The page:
Atychiphobia – The fear of failure and ultimately, the single greatest barrier to success.
This is probably one of our greatest fears in life, and I know it’s mine. We can all vividly recall our greatest failures whether in training, sport, or life. It can be paralyzing, challenge our confidence, or keep us from taking new, potentially risky adventures. Failure doesn’t have to be feared; to do so gives it all the power and leaves you hopelessly with none. Take the power back, start looking at failure as feedback, a learning experience, and Empower Your Performance.
Just like we have lifting faults, we have failure faults.
No matter the situation, the solution is the same: We have to coach! Failure represents an opportunity for us as strength and conditioning coaches, but we have to recognize reactions to failure in order to attack the constraining factor of fear. Without noticing them, failure reactions turn into failure routines athletes will default to when they face failure whether in sport or in life.
At the 2016 Power Athlete Symposium, Tex McQuilkin broke down the reasons athletes fail into seven possible reactions. If you see any of these, it is your responsibility to step in and turn it into a teachable moment in order to Empower Performance well beyond the weight room:
- Frustration: Emotions and expression
- Aggression: Defense and destructive
- Insecurity: Doubts and should-haves
- Loneliness: Isolating yourself/self-protection
- Uncertainty: Avoiding mistakes and responsibility
- Resentment: Blame and excuses
- Emptiness: Lost capacity to enjoy
Falling victim to any of these failure routines can be costly on game day. However, the weight room provides us the opportunity to introduce failure in a controlled, low cost environment. Our Bedrock program inherently provides multiple teachable moments with our athletes, because failures are inevitable and a necessary part for establishing a Base Level of Strength. After all, you have to stress to progress. Through this constant stress the Bedrock program is able to attack the limiting factors of a novice athlete:
- Biomechanical Efficiency
- Neuromuscular Efficiency
- Psychological Factors
- Tensile Strength
We know that athletes need at least three failures, aka resets, in both squat and deadlift to establish themselves as a trained athlete. We can make the assumption that by the time an athlete has exhausted Bedrock, they have failed at least three other times at all the other lifts. This shakes out to at least 15 failures (not counting any reloads at weights) in about a six month period.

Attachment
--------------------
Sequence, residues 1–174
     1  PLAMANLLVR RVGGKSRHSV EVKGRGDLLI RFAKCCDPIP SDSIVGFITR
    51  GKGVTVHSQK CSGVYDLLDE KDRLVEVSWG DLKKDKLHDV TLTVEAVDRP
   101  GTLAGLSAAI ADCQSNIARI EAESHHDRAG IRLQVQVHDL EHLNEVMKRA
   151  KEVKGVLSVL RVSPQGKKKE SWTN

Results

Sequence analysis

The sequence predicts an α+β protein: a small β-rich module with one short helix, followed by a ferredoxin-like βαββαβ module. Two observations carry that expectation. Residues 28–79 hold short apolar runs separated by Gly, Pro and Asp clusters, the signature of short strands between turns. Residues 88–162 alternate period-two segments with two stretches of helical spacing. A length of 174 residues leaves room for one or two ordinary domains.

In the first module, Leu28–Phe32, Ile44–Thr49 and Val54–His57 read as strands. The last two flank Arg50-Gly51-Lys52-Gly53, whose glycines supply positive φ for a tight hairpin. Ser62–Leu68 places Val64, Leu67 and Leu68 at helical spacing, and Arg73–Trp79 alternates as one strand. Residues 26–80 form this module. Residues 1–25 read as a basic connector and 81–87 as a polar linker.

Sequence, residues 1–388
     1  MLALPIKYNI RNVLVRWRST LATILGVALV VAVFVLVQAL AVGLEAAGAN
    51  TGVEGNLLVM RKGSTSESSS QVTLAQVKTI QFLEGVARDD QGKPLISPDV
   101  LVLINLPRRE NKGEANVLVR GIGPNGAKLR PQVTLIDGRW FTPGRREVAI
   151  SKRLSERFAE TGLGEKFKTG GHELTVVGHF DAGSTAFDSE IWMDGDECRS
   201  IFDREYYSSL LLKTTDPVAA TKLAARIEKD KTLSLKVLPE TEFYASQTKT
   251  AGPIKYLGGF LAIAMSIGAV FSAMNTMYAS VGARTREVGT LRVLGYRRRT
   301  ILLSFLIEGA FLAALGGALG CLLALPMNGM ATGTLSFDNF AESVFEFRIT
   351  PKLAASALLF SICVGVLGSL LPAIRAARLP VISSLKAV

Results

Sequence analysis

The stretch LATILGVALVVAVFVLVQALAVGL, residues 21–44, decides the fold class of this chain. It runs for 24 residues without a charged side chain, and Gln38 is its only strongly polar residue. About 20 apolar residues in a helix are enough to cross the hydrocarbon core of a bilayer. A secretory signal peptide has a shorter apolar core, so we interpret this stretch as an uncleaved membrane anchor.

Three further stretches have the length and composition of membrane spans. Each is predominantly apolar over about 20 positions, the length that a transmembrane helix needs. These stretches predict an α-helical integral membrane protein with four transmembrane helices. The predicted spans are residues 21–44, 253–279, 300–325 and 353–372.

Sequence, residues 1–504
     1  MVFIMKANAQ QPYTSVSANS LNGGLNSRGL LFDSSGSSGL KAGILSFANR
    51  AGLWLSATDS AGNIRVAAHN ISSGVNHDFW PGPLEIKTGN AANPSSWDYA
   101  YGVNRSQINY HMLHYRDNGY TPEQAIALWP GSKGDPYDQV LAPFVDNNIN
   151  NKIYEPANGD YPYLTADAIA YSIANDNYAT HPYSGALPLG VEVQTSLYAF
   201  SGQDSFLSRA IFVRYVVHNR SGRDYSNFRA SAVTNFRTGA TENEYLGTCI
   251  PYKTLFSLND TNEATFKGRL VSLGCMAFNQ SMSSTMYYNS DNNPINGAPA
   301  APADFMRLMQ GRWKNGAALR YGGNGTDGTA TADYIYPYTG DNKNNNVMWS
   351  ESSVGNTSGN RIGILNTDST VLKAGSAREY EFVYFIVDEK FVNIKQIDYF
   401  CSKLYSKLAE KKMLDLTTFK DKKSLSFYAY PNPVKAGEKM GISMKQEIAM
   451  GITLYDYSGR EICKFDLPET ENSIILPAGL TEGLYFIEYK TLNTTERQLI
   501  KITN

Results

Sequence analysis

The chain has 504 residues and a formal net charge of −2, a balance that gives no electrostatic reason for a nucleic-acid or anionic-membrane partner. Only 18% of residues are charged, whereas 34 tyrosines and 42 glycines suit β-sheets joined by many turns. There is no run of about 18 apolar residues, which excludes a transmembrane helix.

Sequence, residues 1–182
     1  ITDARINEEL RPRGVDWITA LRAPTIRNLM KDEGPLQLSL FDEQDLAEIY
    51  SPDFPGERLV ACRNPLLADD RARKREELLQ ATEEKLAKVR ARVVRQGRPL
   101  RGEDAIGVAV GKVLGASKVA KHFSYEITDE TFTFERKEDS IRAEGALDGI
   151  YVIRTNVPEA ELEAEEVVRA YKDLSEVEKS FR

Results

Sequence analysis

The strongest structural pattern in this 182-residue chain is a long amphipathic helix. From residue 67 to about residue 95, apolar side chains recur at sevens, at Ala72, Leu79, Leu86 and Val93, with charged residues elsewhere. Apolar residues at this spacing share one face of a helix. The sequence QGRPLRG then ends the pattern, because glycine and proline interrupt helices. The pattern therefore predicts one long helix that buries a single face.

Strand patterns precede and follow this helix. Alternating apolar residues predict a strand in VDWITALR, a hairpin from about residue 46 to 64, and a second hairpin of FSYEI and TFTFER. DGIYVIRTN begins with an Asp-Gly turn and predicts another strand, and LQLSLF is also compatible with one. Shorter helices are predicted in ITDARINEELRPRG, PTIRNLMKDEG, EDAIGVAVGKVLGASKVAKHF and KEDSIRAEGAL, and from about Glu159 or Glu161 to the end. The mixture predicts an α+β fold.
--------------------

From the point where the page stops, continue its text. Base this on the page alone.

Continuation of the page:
The deeper meaning? We’re looking at at least 15 opportunities for us to attack that limiting factor of Psychology and develop ourselves as coaches! During the 2016 Power Athlete Symposium, Aaron Ausmus spoke about developing a coaching philosophy, and teaching an athlete how to deal with failure should be a part of that philosophy.
Teachable Moments: Don't lose the forest for the trees
“Don't think about successfully completing the plan but successfully completing the mission.” - Andy Stumph
It can be easy to get lost in the day-to-day grind of the Bedrock program. The plan is to come in and successfully complete the 3x5, 1x5, or 5x3 strength that’s programmed for the day. Athletes are focused on the day and coaches are targeting each athletes' Base Level of Strength. This is our chance to remind our athletes what the big picture is -- aka the mission, aka the forest. Train your athletes to be leaders. Help them maintain their situational awareness of the training day and keep their heads up, looking at the bigger picture.
“Calm Under Fire”
Say they come in for their squat 3x5 and have been crushing their progressions consistently. On the first set of this training day however, they only manage three of the five reps. From the get go it is clear they have failed the day’s 3x5, but they still have two more sets, plus whatever else is left in the training day.
How does one failure affect the rest of the day? What's their failure reaction? Do they hang their head and close off? Do they get pissed off, aggressive, or throw a tantrum? Or do they take it in stride and keep pushing?